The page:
Originally Posted by VinnyS
Your right, HEVC or H.265 has been in works for some time now, but I simply do not believe in the claims they are currently making with the current bitrate. They are claiming they can stream 4K video at 10Mb when H264 Bu-ray is 20-30Mb.
But are they saying they can deliver streamed 4K at a Blu-ray equivalent quality - or something nearer broadcast TV quality. UK H264 OTA on DVB-T is averaging around 7.5Mbs for a 1080i channel - though as it is statmuxed channels can peak at 17.5Mbs (and often sports content sits at around 10Mbs) IP streamed 1080p content is typically around 5Mbs (sometimes lower).
If you wanted to compare 1080p Netflix (c.5Mbs?) with an equivalent 4k IP streaming service - then with H264 you'd expect to need 4 x 1080p streams = 20Mbs. Isn't HEVC supposed to compress quite a lot better than H264 does - so halving the data rate required to 10Mbs doesn't sound that unrealistic does it?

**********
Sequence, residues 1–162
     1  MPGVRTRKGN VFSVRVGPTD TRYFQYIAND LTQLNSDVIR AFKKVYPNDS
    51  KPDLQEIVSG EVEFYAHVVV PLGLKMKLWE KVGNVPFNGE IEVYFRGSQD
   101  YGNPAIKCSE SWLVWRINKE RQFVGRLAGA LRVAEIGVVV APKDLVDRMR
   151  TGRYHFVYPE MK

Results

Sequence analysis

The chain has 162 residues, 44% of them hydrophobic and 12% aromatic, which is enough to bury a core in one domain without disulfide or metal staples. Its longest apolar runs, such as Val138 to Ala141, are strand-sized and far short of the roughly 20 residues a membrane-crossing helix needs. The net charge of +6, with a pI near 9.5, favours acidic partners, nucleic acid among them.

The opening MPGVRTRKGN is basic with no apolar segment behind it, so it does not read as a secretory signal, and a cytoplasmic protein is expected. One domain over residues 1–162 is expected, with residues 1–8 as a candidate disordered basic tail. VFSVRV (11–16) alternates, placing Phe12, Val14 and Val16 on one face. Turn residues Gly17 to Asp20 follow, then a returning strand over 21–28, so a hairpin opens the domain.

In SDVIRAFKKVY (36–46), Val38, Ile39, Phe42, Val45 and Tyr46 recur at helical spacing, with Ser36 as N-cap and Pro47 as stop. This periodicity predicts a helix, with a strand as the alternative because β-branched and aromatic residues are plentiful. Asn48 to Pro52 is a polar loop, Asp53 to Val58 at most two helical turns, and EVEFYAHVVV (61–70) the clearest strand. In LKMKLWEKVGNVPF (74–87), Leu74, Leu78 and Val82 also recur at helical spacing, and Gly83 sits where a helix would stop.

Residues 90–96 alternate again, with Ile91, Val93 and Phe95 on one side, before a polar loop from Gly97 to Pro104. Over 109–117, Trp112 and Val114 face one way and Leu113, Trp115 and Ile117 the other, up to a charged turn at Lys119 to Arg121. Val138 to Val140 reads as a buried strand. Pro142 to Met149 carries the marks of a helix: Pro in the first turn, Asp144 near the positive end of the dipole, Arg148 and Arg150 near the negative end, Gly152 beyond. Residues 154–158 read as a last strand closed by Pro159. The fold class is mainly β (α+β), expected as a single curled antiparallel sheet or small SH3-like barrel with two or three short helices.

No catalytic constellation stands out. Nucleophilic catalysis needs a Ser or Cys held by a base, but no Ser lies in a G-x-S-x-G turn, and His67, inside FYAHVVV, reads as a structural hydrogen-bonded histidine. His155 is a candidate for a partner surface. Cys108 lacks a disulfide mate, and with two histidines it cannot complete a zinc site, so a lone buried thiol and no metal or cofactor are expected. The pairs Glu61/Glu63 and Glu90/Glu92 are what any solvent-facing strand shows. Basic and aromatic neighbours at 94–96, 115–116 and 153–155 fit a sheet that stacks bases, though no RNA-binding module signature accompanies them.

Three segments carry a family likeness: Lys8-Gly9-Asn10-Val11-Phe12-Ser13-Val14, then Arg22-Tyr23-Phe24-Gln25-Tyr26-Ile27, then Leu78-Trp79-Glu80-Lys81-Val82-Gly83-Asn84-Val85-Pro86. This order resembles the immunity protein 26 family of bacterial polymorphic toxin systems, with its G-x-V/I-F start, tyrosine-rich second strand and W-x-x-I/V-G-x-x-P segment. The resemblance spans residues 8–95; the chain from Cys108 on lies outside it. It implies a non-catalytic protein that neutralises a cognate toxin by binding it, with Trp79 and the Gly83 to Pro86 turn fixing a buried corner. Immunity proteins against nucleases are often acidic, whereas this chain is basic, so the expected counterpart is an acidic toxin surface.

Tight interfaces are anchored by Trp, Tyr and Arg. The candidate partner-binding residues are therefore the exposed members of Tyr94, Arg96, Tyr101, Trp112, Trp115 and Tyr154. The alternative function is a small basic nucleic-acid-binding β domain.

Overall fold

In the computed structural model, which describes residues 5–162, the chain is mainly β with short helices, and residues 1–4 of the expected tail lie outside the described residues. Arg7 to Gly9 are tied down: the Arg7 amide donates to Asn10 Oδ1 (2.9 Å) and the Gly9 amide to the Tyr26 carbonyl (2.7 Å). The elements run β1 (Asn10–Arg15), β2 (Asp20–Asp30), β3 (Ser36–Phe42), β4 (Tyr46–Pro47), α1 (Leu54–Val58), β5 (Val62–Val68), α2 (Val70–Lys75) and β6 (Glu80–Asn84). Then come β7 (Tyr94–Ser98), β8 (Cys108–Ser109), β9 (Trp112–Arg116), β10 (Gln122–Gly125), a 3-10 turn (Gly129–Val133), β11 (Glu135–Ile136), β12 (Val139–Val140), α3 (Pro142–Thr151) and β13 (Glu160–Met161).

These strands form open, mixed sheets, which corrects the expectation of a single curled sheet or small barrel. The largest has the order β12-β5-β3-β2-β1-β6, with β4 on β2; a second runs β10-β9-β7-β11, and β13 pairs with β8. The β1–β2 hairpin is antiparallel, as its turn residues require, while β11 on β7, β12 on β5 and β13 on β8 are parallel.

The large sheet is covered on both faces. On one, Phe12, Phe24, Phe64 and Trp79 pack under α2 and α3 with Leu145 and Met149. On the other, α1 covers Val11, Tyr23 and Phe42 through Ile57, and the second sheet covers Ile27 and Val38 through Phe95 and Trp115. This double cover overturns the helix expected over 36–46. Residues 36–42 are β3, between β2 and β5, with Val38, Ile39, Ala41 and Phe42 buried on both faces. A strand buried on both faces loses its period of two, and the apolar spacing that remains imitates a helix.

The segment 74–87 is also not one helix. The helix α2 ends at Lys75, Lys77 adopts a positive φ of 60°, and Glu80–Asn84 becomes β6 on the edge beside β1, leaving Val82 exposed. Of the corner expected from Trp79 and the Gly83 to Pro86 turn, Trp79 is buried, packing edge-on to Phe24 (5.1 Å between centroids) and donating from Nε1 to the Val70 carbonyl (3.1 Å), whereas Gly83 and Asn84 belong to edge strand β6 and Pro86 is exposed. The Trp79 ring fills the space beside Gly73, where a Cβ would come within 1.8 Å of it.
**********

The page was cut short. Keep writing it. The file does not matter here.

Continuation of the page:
I agree that 4k at Blu-ray compression quality (i.e. almost no visible artefacts) looks a bit optimistic at 10Mbs - but it may be that they are quoting 10Mbs as a bitrate for a 4k service aimed at those more tolerant to compression artefacts (as Netflix etc. viewers probably are?)
I guess seeing is believing and we'll have to see it for ourselves in the future. Second point is that we don't even get 1080p at this moment with out cable providers, only a select few offer it such as DirectTV and some others I may not be aware of. Even though a potential codec has surfaced, I still think we are a LONG way from watching 4K, little alone 4K broadcast.
I don't see 1080/60p (or 50p) taking off - and didn't really ever see it doing so. The difference in quality compared to 1080/60i or 50i are marginal to most viewers I suspect. The vast majority of 1080p content is 1080/24p (or 1080/25p in Europe) - which survives in a 1080i wrapper - so there's no real benefit to 1080p encoding (though this side of the pond the BBC are running encoders which switch between 1080/25p and 1080/50i compression on the fly on a GOP-by-GOP - I think - as 1080p content compresses better in a 1080p flagged encode?)
I think 4K may arrive quite soon. Displays are beginning to appear, and IP download delivery is definitely a viable model (the VOD/Catch-Up system on our dominant pay-TV platform, Sky, uses IP download rather than streaming, and the quality is much better as a result. Usually around 8Mbs 1080i H264. )